Raptors @ Celtics Stuff

Quick preview.

Rondo is questionable, likely out. Don’t matter though, last time we played them in Boston without Rondo we ended up losing 100-64. Expect Barbosa to get the time instead of Rondo and that guy’s played with the Raptors just long enough to figure out how things click with Jose Calderon et al. Lowry, Fields and Anderson remain out. Of note, Pierce is a little ticked after coming up short against the Nets:

“I take a lot of blame for down the stretch,” Pierce said. “I’m the guy they call upon to make the plays and I didn’t make the plays tonight. It’s a long season, but that’s not the main reason we lost. You can point to a number of little things we talk about all season long.”

McGuire will likely have the assignment. Time for a Raptors quote, and it’s Lowry who says blah blah:

“It’s feeling a lot better. (So), to be honest, ya, very surprised and very shocked (that he needs more time), but you know it’s day-by-day, we’ve got a great training staff, we’ve got guys, they want to protect me and make sure I get back to 100%, that’s the reasoning for that,” Lowry said on Friday.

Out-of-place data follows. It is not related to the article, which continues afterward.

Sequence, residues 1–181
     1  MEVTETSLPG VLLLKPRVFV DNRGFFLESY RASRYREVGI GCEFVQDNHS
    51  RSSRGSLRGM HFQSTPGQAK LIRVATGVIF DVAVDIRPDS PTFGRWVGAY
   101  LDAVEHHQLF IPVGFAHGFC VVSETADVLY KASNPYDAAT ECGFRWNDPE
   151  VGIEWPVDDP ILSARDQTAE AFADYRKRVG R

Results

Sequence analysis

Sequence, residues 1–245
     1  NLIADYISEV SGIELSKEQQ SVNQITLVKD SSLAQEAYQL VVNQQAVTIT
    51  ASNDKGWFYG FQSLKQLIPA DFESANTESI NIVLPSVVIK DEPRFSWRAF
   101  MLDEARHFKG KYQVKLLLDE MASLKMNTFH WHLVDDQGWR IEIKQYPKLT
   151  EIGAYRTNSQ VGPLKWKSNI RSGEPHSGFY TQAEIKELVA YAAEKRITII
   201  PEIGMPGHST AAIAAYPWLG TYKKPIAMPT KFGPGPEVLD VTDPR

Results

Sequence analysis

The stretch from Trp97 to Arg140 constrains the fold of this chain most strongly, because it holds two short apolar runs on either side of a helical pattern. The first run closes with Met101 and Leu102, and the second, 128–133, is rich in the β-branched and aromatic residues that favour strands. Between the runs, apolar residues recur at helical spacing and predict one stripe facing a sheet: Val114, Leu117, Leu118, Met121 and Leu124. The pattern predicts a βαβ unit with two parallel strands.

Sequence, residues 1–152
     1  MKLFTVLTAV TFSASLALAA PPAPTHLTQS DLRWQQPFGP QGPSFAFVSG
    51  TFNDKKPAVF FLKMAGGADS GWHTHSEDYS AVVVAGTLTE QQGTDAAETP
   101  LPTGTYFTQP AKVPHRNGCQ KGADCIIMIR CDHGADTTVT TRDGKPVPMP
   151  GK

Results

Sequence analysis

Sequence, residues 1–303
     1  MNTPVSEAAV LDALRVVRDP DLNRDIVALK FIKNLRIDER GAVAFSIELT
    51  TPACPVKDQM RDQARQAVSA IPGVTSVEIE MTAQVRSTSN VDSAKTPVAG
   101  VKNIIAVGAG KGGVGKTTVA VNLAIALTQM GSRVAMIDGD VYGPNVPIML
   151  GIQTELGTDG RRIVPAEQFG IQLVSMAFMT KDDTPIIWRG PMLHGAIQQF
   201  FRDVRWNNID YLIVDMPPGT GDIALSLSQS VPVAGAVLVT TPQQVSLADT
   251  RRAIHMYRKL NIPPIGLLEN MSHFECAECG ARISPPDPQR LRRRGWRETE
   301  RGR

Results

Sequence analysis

(Does he need protecting from himself?) Ya, ya, definitely, I definitely can say that,” he said.

Nice little snippet of info regarding the Raptors in transition and in isolation situations here:

The Raptors are middle of the pack offensively (15th, 0.892 points per play), according to Synergy Sports data. The Raptors are not a particularly effective team in transition (ranking 28th), but are top third of the league in both spot-up shooting and isolation plays. More than a third of the team’s total offense has gone through DeMar DeRozan and Andrea Bargnani. Defensively, the Raptors rank 26th at 0.935 points per play and — beyond defending pick-and-roll ball-handlers pretty well, rank in the bottom third of the league in key play types like spot-up (28th), post-up (20th), and transition (27th).

The transition are evident just by watching the game and without the need for stats, what is surprising is the offense/defense shift from last year. Last year we had a low ranked offense and an improved defense, and this year we’ve reverted to having a rather porous defense while seeing a rise in offense. I’ll account this to simply more focus on offense with Lowry and DeRozan emerging, and the team not relying solely on defense to win them games. I don’t think the Raptors defense will remain as poor as it has been and that Casey will eventually find the defensive rhythm that this team needs to be competitive.

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